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Publication numberUS3502521 A
Publication typeGrant
Publication dateMar 24, 1970
Filing dateMar 14, 1966
Priority dateJan 14, 1966
Also published asDE1605418A1, DE1605418B2, DE1605418C3
Publication numberUS 3502521 A, US 3502521A, US-A-3502521, US3502521 A, US3502521A
InventorsLouis Doyen, Leon Doyen
Original AssigneeLouis Doyen, Leon Doyen
Export CitationBiBTeX, EndNote, RefMan
External Links: USPTO, USPTO Assignment, Espacenet
Method of producing plastic containers
US 3502521 A
Abstract  available in
Previous page
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Claims  available in
Description  (OCR text may contain errors)

March 24, 1970 I DOYEN ETAL 3,502,521


ATTORNEY United States Patent 3,502,521 METHOD OF PRODUCING PLASTIC CONTAINERS Louis Doyen and Leon Doyen, both of 79 Rue de Bourgogne, Lyon, Rhone, France Continuation-impart of application Ser. No. 322,887, Nov. 12, 1963. This application Mar. 14, 1966, Ser. No. 534,107 Claims priority, application France, Aug. 26, 1965, 45 916 Int. Cl. B29h 7704; B29c 27/02 U.S. Cl. 156-69 1 Claim ABSTRACT OF THE DISCLOSURE This application is a continuation-in-part of our application Ser. No. 322,887 filed Nov. 12, 1963, now U.S. Patent No. 3,380,646.

Our invention has for its object a container made of plastic material and a method for producing same. In such containers, the sheaths or sheets of plastic material forming the container are welded (i.e. thermally fused) transversely so as to define the outline of the container along two lines converging towards each other in the area which is to form the upper section of the container, which section assumes the shape of a neck. A container thus made does not bend during the pouring out of the liquid carried by it and consequently the dispensing of said liquid may be easily carried out with one hand.

According to a further feature of our invention, one of the above-mentioned transverse welds, whether rectilinear or otherwise, is given a V-shaped cross-section so that the container is provided laterally with a fin serving as a handle.

In the case where the two transverse welds are rectilinear and one of them extends outwardly to form a handle, the weld closing the upper opening of the container slops advantageously so as to form a dispensing spout on the side opposed to the above-mentioned handle.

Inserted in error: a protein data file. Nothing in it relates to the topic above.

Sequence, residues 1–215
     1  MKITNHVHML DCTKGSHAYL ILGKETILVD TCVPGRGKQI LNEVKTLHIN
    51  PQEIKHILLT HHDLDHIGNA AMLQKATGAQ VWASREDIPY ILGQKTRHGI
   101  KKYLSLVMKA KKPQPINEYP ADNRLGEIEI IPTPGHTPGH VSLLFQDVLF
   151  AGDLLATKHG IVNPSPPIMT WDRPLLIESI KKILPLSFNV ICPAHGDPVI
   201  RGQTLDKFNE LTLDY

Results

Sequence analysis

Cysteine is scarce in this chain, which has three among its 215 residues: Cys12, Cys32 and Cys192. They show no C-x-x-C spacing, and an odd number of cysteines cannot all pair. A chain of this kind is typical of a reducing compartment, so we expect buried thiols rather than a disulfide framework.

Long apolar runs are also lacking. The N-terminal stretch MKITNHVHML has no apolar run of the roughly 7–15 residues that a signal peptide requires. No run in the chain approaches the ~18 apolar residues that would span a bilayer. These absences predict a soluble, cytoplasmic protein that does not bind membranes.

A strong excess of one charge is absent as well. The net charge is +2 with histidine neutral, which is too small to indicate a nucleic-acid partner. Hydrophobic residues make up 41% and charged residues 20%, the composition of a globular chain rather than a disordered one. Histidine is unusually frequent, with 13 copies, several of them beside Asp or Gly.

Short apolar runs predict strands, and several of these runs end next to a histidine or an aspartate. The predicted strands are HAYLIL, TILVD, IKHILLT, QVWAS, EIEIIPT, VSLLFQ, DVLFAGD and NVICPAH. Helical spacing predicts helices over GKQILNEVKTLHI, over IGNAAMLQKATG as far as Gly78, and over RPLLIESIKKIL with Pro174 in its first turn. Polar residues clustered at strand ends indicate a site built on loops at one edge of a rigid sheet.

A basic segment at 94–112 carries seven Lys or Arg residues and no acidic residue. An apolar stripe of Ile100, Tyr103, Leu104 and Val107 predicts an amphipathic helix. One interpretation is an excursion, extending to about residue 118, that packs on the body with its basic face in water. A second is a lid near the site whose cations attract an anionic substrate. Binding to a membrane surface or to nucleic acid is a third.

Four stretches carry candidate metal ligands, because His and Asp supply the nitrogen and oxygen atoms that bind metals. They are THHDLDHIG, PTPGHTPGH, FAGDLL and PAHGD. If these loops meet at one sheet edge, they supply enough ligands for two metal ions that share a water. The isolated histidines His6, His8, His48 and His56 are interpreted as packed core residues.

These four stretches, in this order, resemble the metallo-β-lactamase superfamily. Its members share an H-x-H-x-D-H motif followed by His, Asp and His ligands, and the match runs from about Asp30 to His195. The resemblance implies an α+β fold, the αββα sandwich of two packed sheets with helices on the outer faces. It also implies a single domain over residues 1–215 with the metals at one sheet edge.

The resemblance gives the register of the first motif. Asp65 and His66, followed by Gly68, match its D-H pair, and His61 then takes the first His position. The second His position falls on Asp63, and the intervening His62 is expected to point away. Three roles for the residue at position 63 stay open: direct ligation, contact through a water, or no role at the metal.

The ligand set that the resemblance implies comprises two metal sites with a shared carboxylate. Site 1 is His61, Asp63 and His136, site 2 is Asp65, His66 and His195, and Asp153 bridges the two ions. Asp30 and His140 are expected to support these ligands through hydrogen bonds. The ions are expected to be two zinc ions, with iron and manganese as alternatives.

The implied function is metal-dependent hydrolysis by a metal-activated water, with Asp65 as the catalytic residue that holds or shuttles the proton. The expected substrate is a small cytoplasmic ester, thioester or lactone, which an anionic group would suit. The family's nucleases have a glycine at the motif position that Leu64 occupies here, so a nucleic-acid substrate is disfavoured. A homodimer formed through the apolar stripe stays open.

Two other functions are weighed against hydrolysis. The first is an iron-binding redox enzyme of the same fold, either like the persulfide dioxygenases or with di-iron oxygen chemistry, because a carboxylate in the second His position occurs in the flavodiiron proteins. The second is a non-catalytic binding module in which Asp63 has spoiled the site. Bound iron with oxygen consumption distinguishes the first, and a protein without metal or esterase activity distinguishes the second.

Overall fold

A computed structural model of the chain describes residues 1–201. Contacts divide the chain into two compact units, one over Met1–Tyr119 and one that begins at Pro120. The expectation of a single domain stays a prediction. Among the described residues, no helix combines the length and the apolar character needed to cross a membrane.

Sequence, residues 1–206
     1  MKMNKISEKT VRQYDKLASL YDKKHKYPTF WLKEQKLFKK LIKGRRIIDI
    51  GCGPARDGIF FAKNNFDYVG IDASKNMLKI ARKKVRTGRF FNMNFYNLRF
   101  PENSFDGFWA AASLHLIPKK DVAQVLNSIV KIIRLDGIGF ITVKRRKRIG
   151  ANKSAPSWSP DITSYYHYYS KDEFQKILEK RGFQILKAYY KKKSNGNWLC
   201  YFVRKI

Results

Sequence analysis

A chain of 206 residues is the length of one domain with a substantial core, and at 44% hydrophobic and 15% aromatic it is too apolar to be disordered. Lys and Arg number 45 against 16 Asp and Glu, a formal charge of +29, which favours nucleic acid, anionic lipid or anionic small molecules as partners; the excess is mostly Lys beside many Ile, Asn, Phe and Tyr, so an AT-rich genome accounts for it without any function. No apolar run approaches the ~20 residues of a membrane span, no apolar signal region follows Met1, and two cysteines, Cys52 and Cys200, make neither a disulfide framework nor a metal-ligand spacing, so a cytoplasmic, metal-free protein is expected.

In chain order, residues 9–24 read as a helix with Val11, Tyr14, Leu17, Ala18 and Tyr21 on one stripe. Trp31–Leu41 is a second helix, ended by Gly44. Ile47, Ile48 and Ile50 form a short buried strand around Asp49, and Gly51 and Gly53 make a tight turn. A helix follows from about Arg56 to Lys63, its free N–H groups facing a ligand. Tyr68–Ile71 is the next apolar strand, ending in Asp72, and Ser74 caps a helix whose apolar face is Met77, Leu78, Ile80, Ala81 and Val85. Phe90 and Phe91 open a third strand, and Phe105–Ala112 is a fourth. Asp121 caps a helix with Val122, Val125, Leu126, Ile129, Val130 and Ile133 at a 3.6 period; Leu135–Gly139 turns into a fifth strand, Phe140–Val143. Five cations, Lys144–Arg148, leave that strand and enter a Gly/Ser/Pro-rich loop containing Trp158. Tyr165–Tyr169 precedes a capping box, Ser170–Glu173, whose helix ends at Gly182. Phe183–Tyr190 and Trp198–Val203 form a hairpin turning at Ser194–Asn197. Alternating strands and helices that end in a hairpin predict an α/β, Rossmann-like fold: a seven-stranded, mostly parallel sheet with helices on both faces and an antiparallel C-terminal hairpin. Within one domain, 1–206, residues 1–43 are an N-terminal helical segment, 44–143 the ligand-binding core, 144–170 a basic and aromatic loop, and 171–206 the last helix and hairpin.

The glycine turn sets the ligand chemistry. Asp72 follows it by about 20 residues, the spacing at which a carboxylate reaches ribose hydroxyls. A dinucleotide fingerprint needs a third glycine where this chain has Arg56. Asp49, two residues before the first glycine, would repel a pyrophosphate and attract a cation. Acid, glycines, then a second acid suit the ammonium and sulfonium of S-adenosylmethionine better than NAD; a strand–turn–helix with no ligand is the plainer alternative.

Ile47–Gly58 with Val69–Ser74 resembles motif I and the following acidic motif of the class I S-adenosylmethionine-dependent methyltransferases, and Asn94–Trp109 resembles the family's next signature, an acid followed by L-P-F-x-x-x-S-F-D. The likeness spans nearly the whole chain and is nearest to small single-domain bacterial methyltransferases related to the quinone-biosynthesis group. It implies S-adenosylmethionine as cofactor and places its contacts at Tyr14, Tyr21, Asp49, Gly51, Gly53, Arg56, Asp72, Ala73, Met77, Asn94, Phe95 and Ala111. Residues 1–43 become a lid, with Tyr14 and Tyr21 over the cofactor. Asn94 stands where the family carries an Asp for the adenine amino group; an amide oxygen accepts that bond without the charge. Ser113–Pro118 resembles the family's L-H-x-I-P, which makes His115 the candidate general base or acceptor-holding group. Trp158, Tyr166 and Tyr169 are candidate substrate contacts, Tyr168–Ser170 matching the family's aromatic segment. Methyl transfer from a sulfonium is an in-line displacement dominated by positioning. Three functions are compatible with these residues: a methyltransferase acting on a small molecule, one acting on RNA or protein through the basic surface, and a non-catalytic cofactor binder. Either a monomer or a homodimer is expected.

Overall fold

The invention is described in greater detail with reference to the accompanying drawing, in which:

FIG. 1 is a section through a container of thermoplastic material according to the invention; and

FIG. 2 is a section through another embodiment of the invention.

The container outlines are defined laterally by welded sections extending transversely with reference to the sheet serving for their manufacture.

In the first embodiment of our invention illustrated in FIG. 1, the welded sections 4 are curved inwardly at 51 so that their free ends 411 are closer to each other in the upper area of the container and form thus a neck for the container.

The fact that said container is provided with the neck leads to the advantage of providing it with a sufiicient rigidity to prevent it from bending when the user pours 3,502,521 Patented Mar. 24, 1970 out the liquid it carries, which allows said user to transport the container by one hand only.

By reason of their narrowness the necks may, in the making of the containers, be obtained by cutting the containers in head-to-tail relationship whereby loss of material is reduced substantially to zero.

FIG. 2 illustrates a second embodiment in which one of the transverse welded sections 4 is provided normally along a vertical line while the other welded section 4b is broader and the inside of the outline of a theoretically cylindrical container increases in thickness from the bottom to the top so that it appears to have a V-shaped crosssection. Said welded section 4b forms a handle 40 which aids in the handling of the container.

As illustrated in FIG. 2 in dot and dash lines, it is possible to provide a closing of the upper end of the container by a welded section 52 sloping downwardly from the welded section 4 towards the handle 40.

The opening of the container is effected by making a cut off along a bevel line so as to form a dispensing spout diametrically opposite to the handle. The use of such a container is made easier thereby since the fin forming the handle 40 acts also as a strengthening and reinforcing part.

Obviously, the arrangements according to FIG. 2 may be provided for the embodiment illustrated in FIG. 1, to wit the latter may include a handle and/or an upper sloping welded section.

What we claim is: